You’re going to love this home. It sits on a 13,957-sq.-ft. lot, so bring your toys. Plenty of parking in the long driveway and the 3-car garage. Inside you will find two bedrooms and an office with hardwood floors. Near the updated kitchen is a large living room area with a stone fireplace and windows overlooking the backyard. Next is the master bedroom which includes its own full bath. The rear of the home includes a large mudroom with a half bath. Last but not least is the spacious shop which is open to the super-clean and heated garage and comes with many tools and 240Volt power. This location is less than 5 minutes to I-70 and 6th Avenue. Take a narrated video tour at www.WideAcresHome.net, then call your agent or Ty Scrable at 720-281-6783 to set a showing.
By now, we should all be wary of people offering to “help” us financially, usually via the internet or email, but also by phone. As the saying goes, “If it sounds too good to be true, it probably is.”
Last week the Colorado Division of Real Estate (DRE) issued a warning about scammers cheating homeowners out of their home’s equity on the pretext of helping them pay HOA liens on their home.
Yes, an HOA can place a lien on your home for failing to pay your HOA assessments or fines, and an HOA lien takes priority even over the lien of your mortgage lender.
It is possible for an HOA to foreclose on your $600,000 home because of unpaid dues or fines, no matter how small. But if you can’t pay, what do you do? Those liens and subsequent foreclosure actions become public records, making you an easy-to-find target for a scammer wanting to “help” you.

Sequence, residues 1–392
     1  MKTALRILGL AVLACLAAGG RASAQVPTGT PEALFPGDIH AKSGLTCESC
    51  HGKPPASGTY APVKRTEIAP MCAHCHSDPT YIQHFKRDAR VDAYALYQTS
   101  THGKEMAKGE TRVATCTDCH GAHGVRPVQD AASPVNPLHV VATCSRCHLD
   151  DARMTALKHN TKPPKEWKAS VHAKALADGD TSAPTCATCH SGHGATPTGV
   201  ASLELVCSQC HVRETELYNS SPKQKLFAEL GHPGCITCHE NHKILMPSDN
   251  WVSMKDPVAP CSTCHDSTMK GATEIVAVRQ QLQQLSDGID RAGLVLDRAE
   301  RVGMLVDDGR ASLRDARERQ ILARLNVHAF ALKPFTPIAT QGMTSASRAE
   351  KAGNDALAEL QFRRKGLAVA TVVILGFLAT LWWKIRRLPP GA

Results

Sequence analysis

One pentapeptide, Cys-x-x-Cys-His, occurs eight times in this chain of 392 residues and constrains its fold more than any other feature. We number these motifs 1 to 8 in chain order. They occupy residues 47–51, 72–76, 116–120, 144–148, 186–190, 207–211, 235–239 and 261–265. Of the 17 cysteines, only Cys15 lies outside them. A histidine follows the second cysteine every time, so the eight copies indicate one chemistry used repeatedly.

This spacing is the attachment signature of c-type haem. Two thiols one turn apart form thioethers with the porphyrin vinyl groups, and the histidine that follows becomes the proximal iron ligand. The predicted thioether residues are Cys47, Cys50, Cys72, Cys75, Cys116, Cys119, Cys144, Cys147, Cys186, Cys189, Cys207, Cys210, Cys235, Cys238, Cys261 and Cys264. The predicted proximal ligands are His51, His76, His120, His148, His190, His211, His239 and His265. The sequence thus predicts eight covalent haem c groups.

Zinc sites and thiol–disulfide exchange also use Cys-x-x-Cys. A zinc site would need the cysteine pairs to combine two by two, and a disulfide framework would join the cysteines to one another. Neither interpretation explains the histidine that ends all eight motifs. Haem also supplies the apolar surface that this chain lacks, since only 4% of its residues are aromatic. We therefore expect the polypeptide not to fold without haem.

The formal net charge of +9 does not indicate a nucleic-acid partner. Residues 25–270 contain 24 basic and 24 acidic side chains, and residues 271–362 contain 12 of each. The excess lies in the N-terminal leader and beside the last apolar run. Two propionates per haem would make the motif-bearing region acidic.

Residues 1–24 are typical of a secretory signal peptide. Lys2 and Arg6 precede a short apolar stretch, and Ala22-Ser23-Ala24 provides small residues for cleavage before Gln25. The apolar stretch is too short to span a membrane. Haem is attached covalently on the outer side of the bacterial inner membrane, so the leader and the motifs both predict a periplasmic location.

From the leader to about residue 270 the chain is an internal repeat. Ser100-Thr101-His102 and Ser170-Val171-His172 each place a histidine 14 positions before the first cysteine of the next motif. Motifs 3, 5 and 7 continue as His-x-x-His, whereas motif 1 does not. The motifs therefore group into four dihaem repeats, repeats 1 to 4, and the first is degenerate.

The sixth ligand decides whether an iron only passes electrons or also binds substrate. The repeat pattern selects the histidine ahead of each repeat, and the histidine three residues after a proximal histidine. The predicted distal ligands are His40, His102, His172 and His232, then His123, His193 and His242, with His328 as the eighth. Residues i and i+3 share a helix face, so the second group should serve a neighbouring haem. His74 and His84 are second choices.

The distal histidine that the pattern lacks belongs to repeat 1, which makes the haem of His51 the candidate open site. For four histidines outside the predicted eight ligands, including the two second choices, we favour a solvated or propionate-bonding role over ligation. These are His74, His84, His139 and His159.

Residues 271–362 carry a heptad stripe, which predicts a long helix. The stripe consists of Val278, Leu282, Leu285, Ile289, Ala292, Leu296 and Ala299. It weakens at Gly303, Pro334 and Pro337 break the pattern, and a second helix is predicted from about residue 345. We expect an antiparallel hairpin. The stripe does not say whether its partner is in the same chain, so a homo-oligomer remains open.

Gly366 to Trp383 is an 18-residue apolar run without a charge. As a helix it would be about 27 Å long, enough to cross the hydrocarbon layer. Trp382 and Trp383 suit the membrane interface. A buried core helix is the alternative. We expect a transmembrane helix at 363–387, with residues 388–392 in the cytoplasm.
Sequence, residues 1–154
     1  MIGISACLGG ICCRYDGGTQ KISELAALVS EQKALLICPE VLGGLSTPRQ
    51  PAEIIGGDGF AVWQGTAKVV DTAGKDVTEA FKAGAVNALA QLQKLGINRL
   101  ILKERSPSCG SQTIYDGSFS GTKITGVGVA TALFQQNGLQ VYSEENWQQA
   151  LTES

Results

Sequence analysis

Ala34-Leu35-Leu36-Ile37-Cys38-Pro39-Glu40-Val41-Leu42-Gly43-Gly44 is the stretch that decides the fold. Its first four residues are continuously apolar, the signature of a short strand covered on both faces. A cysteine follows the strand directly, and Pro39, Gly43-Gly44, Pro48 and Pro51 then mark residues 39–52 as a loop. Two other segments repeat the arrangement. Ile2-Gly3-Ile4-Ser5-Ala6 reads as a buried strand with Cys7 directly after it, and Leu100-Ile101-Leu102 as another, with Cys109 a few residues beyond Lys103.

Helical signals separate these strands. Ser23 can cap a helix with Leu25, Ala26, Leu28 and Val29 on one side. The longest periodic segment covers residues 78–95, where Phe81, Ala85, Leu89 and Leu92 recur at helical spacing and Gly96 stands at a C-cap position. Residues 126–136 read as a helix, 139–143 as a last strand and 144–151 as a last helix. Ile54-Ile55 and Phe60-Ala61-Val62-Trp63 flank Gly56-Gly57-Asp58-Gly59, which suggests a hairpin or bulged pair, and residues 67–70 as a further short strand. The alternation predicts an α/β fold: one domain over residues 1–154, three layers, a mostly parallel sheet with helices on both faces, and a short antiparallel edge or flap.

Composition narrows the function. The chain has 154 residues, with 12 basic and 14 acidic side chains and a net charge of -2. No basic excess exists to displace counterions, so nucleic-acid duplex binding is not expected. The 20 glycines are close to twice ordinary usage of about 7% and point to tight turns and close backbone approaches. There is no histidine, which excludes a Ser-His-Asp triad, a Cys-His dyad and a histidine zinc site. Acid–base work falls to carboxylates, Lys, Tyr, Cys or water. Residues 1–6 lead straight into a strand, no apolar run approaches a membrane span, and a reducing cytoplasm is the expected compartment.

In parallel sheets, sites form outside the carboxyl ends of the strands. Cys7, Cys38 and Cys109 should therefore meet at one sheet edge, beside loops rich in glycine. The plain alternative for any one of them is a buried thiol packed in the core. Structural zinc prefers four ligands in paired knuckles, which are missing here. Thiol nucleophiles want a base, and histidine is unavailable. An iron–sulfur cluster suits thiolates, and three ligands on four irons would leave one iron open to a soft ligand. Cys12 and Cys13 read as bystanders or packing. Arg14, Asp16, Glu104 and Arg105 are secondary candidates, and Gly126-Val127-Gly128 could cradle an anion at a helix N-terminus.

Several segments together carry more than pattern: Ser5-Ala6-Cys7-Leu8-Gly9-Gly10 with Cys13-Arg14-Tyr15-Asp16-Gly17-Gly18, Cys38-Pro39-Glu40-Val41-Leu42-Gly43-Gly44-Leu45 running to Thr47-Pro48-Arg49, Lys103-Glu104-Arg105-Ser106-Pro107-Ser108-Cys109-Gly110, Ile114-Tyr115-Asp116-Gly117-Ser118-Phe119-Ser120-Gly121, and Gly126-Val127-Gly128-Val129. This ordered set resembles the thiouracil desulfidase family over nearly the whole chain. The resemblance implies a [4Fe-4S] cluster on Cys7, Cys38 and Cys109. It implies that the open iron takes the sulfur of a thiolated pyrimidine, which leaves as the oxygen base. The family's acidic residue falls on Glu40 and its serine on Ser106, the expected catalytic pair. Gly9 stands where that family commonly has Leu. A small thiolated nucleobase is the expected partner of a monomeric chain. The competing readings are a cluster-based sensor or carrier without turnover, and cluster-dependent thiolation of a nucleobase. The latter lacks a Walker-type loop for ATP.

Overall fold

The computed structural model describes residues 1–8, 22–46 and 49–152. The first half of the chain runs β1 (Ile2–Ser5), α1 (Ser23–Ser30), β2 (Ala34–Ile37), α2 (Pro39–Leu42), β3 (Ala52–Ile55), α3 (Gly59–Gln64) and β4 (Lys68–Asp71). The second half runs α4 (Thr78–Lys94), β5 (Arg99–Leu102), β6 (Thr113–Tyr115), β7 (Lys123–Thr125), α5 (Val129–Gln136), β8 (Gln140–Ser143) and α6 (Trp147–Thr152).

Here’s a link to the full DRE warning. It describes several scamming scenarios. According to the DRE’s warning, those scenarios “can leave a homeowner losing their property, becoming a renter in their own home, having their credit rating severely damaged, and having the possibility that the lender may pursue a deficiency judgment against them if the property is foreclosed upon, as well as the HOA pursuing a personal judgment against them for unpaid HOA dues.”
Homeowners are urged to look for the following red flags:
> Anyone wanting you to act fast with a quick-fix to your financial difficulties.
> Promises to resolve your financial problems and to leave your cares behind.
> Someone wanting you to transfer your ownership in the property to them.
> Anyone asking you to sign a power of attorney for them to act on your behalf.
> Proposing that you’ll be a tenant in the home that you now own.
> Someone telling you that there is no need to consult with an attorney, accountant, real estate broker, lender or anyone else.
Feel free to contact me if you find yourself in this or a similar situation. My intention is not to convince you to list your home with me. I just want to give you my own layman’s feedback on what others may have told you, and I can, if appropriate, refer you to a trusted real estate attorney. First, however, read that DRE warning, which has lots of useful information and links for reporting suspected scams or getting other advice.
And, as I like to say, remember that “Google is your friend.” When contacted by someone you suspect could be a scammer, do a web search for the person and/or company and/or email address and/or phone number. Also, we have a special app called “Forewarn,” only available to licensed Realtors like myself, where I can instantly search by name or phone number. My broker associates and I use that app to check out people who want to do business with us, instantly learning their age, properties owned, bankruptcies or liens, criminal charges, and even cars they own. I’m happy to do such a search for you, too.